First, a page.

Of course...the only way to be sure that you're pronouncing the word absolutely correctly would be to take courses in Latin and Greek from somebody who actually knows how to pronounce those languages!  One of my first exposures to the way a language can be butchered was in my first college-level Latin class!  The professor was absolutely CLUELESS as how to pronounce the words he was trying to teach us!  Those of you who have the time, money and energy to take the necessary classes have my blessing!  The rest of us will just muddle on as best we can and let the purists argue about the pronunciations!

 

-Joe

   Thank you so much for telling me this detailed information!

  Wow.. I forgot the accent! That's somewhat difficult..

   Anyway, now I understand why there are Latin courses.

   Maybe following the rule is important for experts, not amateurs. I don't have any plan to be Paleontologist, yet. So, maybe rather than pronunciation, precise classification and spelling is more important for now..

  I'm not sure that I'll take a Latin course at university, which starts after next Jan!

   Thank you and your example was good! :D

 

   -Jun

 

16 hours ago, Wrangellian said:

With the emphasis on the first syllable in Astragalus, that seems to require another emphasis on the 'gal'...?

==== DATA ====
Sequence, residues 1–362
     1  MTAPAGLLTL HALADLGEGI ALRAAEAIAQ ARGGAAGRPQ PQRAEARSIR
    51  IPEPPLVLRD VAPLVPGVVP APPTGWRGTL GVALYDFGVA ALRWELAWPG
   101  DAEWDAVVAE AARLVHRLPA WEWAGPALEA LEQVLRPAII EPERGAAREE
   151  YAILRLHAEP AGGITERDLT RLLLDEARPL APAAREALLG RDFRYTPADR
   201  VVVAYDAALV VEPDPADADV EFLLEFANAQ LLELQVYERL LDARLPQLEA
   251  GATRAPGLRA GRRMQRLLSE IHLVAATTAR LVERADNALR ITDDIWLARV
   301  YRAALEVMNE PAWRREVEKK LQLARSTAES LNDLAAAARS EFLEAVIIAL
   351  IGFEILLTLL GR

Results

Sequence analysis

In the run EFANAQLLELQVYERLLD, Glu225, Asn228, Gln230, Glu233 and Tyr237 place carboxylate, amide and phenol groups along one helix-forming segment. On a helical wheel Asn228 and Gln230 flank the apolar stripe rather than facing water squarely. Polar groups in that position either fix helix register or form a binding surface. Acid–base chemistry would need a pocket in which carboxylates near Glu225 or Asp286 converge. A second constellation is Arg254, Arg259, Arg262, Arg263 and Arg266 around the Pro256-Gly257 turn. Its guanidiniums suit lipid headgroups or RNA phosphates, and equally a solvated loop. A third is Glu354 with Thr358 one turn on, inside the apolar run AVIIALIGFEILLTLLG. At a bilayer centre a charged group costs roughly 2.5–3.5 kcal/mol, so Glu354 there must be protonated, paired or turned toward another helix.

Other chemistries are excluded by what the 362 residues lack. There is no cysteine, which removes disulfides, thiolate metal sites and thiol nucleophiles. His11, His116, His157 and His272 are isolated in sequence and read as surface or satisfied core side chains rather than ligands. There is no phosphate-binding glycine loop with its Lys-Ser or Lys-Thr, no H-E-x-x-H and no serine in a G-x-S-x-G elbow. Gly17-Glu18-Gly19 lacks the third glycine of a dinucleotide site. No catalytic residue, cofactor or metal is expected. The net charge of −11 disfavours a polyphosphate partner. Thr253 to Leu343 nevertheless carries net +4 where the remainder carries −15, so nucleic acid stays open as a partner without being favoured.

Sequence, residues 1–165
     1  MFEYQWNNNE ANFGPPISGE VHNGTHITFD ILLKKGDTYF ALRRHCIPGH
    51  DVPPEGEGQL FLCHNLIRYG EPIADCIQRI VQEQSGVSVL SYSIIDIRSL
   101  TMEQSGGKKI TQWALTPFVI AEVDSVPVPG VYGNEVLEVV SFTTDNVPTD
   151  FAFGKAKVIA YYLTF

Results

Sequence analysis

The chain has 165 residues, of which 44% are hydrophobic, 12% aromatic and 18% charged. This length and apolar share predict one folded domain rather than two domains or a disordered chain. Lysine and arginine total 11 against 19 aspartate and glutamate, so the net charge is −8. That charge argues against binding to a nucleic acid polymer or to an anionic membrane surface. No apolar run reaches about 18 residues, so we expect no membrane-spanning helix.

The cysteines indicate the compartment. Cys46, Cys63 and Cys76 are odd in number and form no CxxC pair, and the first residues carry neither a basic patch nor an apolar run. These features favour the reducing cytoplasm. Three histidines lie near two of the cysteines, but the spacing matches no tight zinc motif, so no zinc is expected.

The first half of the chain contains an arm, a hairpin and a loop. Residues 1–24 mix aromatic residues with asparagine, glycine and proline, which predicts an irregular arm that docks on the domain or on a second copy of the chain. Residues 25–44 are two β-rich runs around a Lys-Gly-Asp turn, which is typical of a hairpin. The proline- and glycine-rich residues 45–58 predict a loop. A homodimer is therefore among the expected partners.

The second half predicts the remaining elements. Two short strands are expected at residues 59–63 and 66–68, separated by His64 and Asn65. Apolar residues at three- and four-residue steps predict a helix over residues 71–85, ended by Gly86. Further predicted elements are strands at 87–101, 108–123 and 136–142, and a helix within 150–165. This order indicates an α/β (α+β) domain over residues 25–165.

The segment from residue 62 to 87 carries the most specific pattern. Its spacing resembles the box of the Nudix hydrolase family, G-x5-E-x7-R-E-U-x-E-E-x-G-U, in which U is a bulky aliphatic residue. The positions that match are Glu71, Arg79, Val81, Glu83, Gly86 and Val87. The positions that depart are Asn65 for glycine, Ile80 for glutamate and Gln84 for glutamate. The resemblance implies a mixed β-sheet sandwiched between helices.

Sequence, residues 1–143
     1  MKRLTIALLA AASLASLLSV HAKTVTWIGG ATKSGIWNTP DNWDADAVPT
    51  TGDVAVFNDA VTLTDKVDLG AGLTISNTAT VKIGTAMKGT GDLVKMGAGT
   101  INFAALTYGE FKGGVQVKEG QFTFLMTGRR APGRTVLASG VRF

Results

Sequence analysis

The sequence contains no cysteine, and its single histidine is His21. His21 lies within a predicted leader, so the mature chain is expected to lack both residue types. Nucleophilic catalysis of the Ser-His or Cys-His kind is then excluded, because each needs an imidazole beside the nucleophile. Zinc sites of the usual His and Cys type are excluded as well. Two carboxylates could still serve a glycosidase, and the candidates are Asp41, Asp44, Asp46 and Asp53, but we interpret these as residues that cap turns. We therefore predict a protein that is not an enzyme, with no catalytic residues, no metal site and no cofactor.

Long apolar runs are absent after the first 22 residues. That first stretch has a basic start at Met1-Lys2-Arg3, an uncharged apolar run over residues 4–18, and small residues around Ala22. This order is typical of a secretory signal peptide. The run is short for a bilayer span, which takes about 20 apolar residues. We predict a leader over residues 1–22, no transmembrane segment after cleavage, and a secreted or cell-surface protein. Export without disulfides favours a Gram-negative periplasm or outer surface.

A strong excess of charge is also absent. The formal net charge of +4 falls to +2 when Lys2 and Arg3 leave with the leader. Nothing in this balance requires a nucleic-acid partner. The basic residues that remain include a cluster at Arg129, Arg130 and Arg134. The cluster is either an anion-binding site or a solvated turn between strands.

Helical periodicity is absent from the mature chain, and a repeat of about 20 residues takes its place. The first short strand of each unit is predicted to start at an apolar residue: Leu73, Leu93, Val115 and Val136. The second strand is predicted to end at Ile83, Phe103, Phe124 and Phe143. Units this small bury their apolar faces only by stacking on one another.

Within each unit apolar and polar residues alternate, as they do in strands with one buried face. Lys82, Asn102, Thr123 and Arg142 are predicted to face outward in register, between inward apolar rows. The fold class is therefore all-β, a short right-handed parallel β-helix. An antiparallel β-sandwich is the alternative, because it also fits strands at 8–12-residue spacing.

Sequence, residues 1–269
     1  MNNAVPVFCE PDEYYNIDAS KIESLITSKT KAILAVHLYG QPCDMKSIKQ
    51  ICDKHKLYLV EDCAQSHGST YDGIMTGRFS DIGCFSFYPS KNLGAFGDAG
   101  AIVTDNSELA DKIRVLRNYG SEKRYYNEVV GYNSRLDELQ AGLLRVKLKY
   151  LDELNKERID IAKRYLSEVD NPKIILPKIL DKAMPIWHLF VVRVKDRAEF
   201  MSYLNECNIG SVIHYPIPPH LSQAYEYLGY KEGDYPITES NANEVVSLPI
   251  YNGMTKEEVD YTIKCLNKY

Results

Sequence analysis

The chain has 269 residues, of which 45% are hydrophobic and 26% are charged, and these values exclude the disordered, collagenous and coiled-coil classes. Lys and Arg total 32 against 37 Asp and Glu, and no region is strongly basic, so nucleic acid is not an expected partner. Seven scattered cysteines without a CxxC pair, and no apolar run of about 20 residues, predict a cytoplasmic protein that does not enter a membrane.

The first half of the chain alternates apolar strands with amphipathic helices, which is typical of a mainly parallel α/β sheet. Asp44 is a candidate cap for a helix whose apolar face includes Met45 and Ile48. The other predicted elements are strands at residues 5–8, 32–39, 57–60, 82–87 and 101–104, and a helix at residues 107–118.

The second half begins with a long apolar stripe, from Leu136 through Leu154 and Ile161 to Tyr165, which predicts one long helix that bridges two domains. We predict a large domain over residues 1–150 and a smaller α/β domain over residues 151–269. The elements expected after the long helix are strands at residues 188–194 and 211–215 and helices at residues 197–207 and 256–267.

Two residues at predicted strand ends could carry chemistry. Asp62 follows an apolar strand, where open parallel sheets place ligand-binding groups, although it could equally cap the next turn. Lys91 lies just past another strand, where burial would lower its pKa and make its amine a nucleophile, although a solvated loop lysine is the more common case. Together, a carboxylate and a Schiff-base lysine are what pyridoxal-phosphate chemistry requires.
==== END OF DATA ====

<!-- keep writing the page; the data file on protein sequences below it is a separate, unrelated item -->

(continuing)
I guess we can be pretty safe in saying that 'a' is never pronounced as in English 'cake'. :headscratch:

In my understanding, the pronunciation of Latin changed throughout history. The medieval Church Latin is different in some ways than the earlier Roman Latin. Originally, 'c' was always pronounced hard (like 'k') but after the fall of the Roman Empire, it began to be pronounced differently where it occurred before 'e' or 'i' - like 'ch' as in 'church', and now as 's' by most speakers.

To add to the confusion, a lot of our scientific names have non-Latin roots....

However we pronounce things, the important thing is the listener understands us!

 

4 hours ago, Tidgy's Dad said:

Diplodocus is an interesting one.

I have heard the emphasis put on just about every syllable. 

I agree that the different accents of the speaker, even within the English speaking world would tend to lead to different interpretations ans as we don't often here many of the scientific names of non-dinosaurs appearing on TV there's not much of a guide. I studied Latin but still don't know the pronunciation in many cases.  

 

3 hours ago, WhodamanHD said:

I hope it dosent matter too much, I've mispronounced everything from ankylosaurus to otodus.

 

3 hours ago, doushantuo said:

Just remember that every syllable might be a pointer to greater understanding of the fossil.

The Greek and Latin terms are very, very frequently references to/caused by  current or earlier thoughts on the animals involved.

Anthozoa: "flower creatures"(all Greek roots)(invoked by a certain resemblance,of course)

Echinodermata:"spiny-skinned"(animals/creatures)(all Greek roots)